A detective inspector, Henry Hilton received word of the whereabouts of one of his suspects.  On the 21st November he went over to Macclesfield to a house  in Windmill Row where he found Matthew Depledge.  He asked Depledge when he was last in Whaley. He replied "I have not been to Whaley since a week last Sunday".  The Inspector then told him that he must consider himself his prisoner as he fitted the description of one of the three men who broke into the Norman's house. He replied that he didn't know a Mr. Norman. Inspector Hilton then searched the house and found a jemmy with a ring at the end.  The following morning he took his prisoner to the Macclesfield lock up.  He next took his prisoner to Whaley Bridge and during the journey Depledge said "Me and Jem Stanny and Bill Cope slept in Whaley on Sunday night and the following morning we left for Macclesfield".  The same day we all three went to Allmock moors for heath for making brooms and we stayed there until the following Thursday, when Cope left us to go to Manchester, and we went to Macclesfield".   He told the detective that he would find Cope at Manchester selling brooms.  He did not know where Stanny was as there was a warrant out for his arrest for poaching. At the lock up, Depledge told Superintendent Shaw that he had been in Whaley on the Monday and Thursday nights but not on Tuesday or Wednesday, the time of the burglary.  On the 26th November, Superintendent Shaw apprehended William Cope while he was still in bed. Cope denied being in Whaley on the Tuesday night.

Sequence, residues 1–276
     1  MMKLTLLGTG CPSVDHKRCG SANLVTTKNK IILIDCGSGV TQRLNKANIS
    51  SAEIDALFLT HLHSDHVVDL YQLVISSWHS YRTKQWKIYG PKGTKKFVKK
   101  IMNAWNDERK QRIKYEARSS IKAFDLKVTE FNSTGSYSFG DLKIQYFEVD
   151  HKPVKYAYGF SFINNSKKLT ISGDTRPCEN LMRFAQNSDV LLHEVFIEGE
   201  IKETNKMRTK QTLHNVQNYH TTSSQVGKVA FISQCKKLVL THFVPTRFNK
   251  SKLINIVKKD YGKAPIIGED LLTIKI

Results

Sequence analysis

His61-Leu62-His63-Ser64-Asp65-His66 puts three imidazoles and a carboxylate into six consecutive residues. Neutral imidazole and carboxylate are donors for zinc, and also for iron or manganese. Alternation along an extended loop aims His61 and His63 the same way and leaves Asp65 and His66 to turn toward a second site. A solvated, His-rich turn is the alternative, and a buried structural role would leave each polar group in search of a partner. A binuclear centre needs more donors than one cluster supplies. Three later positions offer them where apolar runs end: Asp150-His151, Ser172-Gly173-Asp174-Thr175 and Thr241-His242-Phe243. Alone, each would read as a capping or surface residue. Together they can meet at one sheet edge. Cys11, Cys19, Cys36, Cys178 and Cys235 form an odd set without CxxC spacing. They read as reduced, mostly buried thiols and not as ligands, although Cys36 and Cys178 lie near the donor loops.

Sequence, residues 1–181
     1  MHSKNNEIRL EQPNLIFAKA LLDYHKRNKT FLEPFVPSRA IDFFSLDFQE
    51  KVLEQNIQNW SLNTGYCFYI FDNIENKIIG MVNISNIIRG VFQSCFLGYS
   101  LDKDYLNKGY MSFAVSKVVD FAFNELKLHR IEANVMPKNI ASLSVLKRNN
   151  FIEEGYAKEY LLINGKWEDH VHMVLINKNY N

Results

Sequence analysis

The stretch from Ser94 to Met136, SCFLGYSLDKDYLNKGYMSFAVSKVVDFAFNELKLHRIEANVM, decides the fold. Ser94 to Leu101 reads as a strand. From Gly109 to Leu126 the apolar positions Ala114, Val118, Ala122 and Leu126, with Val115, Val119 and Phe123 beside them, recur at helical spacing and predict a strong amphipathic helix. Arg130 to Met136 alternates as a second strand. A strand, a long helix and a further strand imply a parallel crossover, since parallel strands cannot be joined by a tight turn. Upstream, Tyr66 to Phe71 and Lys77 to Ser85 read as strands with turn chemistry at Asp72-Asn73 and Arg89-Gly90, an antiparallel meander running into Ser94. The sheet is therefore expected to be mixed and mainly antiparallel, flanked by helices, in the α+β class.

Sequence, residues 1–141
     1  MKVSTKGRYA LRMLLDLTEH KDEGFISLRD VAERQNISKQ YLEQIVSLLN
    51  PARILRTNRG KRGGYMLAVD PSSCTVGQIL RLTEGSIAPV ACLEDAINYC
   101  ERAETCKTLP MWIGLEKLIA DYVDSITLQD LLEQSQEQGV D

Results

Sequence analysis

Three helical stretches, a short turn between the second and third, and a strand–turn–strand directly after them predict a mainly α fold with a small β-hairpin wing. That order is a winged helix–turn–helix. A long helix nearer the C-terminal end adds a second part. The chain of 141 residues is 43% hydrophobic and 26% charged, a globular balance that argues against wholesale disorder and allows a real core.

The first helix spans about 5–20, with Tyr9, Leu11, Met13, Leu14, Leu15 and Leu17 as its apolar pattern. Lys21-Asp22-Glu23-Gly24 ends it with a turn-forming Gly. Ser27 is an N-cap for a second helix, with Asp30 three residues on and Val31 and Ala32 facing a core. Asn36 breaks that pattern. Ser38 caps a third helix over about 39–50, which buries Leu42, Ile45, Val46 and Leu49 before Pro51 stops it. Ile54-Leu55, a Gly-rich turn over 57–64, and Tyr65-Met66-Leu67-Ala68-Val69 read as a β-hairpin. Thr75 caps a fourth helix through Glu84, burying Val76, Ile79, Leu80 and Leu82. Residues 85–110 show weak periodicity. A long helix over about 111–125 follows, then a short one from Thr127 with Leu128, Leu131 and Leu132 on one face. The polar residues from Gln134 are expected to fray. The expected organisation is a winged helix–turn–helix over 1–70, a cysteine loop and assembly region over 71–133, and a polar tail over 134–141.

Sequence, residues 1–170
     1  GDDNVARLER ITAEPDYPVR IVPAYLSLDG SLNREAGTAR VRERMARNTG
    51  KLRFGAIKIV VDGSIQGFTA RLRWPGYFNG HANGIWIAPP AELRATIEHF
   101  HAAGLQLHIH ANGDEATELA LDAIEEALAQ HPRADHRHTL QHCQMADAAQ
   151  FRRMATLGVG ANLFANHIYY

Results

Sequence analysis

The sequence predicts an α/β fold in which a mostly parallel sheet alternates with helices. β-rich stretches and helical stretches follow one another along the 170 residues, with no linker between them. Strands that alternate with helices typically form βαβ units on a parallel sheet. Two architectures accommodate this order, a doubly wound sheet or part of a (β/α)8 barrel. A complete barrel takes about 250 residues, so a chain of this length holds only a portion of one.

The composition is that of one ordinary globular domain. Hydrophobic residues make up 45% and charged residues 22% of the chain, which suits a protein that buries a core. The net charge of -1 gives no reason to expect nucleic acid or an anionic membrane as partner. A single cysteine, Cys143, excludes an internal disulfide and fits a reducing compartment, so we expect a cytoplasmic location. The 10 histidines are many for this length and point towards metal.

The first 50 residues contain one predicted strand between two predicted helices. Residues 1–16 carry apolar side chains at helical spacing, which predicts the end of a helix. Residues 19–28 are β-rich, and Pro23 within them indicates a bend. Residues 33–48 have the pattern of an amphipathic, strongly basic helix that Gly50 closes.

Monday 24th November at Chapel-en-le-Frith; Matthew Depledge was brought before Captain Nield and Mr Slack.

Questioned by Mr Fox, the Chief Constable, Mrs Norman said that the prisoner was about the size of the man in her room and he had worn a velveteen coat. She did not however think this was the same man as he was not so tall.  The witness said that on the night of the burglary, the fire in her bedroom had gone out and on  hearing the noises downstairs, she left her child with her husband and had placed a chair against the bed to stop the child falling out. She should have awakened her husband when hearing sounds downstairs.  It was her habit to take pistols with her if going downstairs during the night.  The revolver was kept loaded as were two double barrelled pistols.  It had taken about five minutes from hearing the sounds until going downstairs. When the robbers had left, she ran to the window to see which direction they had taken which was towards Whaley. She then went to waken her husband.
Earlier that evening the servant girl had told Mrs Norman that something was stopping her from closing the shutters to which she replied "Never mind; we must have them repaired tomorrow". Later it had been found that a stone had been placed in the window sill to prevent them from closing.  Depledge was then remanded.